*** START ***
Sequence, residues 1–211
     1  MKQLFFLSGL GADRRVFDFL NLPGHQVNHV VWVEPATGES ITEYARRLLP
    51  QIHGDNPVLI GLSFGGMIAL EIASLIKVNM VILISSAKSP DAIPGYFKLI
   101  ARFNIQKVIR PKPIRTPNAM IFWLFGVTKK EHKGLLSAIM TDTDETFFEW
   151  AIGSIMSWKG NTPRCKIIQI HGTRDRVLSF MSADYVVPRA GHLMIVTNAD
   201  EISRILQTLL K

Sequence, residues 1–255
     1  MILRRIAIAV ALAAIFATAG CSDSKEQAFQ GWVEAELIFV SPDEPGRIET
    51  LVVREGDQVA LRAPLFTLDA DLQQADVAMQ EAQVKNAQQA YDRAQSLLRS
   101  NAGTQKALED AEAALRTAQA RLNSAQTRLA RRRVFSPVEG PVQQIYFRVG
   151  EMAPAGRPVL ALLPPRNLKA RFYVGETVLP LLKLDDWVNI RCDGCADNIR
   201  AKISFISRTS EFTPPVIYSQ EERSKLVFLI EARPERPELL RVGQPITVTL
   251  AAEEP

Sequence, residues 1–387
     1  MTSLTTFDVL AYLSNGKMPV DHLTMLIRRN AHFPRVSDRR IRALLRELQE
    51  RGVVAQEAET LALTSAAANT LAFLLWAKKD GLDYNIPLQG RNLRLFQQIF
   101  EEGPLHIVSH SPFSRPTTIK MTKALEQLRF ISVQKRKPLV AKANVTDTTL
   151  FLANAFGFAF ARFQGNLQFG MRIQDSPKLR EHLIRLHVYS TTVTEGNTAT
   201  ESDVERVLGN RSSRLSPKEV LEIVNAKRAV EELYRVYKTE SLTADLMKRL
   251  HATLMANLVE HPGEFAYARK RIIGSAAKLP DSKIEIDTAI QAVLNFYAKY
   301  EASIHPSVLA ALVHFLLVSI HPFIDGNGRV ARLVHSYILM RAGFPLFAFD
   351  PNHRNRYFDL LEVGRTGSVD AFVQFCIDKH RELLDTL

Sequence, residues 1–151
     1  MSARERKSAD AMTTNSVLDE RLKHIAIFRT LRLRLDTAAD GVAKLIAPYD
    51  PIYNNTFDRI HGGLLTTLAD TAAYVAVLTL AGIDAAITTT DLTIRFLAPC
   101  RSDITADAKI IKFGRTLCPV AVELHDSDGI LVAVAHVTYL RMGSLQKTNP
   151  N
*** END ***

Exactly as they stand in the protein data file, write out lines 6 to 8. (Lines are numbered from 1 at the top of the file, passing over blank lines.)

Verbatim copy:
   201  EISRILQTLL K

Sequence, residues 1–255
     1  MILRRIAIAV ALAAIFATAG CSDSKEQAFQ GWVEAELIFV SPDEPGRIET